Melanie Crutchfield Whitten, M.D. is a board-certified general surgeon specializing in breast cancer. Soror Melanie is originally from Columbus, Georgia. She earned her undergraduate degree from Alabama A&M University in Huntsville, Alabama. She went on to earn her medical degree from the Rosalind Franklin University of Medicine and Science in North Chicago, Illinois. Prior to joining Piedmont Physicians, Dr. Crutchfield Whitten completed a breast surgical oncology fellowship at the University of Southern California Keck School of Medicine and Hoag Memorial Hospital in Los Angeles, California.
She is a member of the American Society of Breast Surgeons, the Society of Surgical Oncology and the National Medical Association. She is also a very proud member of Alpha Kappa Alpha Sorority, Inc. Dr. Crutchfield Whitten enjoys tennis, biking, reading, traveling, and spending time with her family. Dr. Crutchfield Whitten is currently taking care of patients in her hometown of Columbus, GA at Emory-St. Francis Hospital.
Dr. Melanie Crutchfield Whitten has a passion for treating African-American breast cancer patients. In fact, she has even founded an annual breast cancer retreat designed to help support breast cancer survivors and their care givers. The retreat is called Support-Surviving and Thriving Breast Cancer Retreat, and its entire mission is to support breast cancer patients while educating them on how to thrive after surviving breast cancer. Dr. Crutchfield Whitten’s motto for her patients is “your scars tell a story, but it doesn’t have to define your life.”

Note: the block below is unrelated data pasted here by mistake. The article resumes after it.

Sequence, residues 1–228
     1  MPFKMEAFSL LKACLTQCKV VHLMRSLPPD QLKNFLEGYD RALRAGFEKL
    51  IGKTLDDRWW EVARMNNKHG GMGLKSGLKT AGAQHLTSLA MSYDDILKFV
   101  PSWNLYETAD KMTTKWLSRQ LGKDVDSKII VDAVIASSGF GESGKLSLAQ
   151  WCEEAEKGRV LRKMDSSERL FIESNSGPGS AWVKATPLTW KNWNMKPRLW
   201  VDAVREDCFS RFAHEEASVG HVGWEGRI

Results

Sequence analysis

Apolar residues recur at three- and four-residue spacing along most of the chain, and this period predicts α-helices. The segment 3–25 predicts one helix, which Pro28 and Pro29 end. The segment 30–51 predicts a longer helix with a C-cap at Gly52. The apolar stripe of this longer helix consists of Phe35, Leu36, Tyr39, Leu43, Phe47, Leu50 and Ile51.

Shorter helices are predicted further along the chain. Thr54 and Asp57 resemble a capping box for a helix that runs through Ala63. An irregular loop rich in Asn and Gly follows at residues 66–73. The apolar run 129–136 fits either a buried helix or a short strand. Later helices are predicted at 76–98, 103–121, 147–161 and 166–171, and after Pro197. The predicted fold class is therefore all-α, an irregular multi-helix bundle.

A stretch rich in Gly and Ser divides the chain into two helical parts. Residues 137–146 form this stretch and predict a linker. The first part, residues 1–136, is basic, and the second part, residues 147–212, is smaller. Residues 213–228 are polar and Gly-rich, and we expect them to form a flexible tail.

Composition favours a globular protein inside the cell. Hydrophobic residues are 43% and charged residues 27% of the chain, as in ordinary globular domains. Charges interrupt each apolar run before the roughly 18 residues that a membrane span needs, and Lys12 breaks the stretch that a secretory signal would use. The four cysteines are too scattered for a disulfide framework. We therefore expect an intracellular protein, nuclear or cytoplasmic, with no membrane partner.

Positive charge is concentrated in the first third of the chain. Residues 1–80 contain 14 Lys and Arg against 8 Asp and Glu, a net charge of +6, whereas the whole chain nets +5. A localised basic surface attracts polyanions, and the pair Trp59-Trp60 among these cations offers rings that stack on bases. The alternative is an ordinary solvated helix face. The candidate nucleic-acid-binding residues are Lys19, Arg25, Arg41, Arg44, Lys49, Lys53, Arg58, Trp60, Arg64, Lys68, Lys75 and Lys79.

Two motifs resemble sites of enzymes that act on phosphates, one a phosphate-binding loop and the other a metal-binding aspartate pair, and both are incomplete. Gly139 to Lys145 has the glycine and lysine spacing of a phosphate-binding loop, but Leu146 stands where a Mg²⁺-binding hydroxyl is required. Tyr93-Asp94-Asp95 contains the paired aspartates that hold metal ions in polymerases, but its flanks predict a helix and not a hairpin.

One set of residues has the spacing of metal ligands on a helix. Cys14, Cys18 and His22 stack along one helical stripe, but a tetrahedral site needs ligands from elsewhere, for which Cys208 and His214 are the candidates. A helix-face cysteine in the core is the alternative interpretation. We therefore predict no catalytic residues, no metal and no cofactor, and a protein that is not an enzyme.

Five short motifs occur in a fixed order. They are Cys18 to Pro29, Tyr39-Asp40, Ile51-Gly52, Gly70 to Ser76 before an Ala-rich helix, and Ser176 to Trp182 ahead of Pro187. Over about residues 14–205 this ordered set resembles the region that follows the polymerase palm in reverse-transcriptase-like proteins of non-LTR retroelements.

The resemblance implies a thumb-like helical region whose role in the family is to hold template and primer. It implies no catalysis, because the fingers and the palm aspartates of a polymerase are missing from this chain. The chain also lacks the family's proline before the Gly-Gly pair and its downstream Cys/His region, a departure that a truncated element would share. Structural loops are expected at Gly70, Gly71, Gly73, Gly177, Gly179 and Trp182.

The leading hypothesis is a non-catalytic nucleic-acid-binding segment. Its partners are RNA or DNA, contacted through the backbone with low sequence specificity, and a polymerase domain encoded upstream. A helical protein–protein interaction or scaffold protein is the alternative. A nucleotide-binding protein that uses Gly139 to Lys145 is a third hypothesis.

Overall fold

Black women are more likely than other racial/ethnic groups to be diagnosed at later stages and have the lowest survival at each state of diagnosis. We are also more likely to be diagnosed with triple negative breast cancer, an aggressive subtype that is linked to poorer survival. It is because of this fact, that Dr. Crutchfield Whitten travels across the country speaking to various audiences on the importance of annual mammograms as early detection saves lives. As treatments are more to be successful with early detection, the American Cancer Society recommends women should begin having yearly mammograms by age 45, and then it can change to having mammograms every other year beginning at age 55. Women should have the choice to start screening with yearly mammograms as early as age 40 if they so choose.